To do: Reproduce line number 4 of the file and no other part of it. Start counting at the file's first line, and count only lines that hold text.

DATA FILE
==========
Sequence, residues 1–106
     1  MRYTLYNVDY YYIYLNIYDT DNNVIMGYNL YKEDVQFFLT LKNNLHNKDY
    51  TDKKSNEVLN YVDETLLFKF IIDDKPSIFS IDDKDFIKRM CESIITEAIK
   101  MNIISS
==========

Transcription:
   101  MNIISS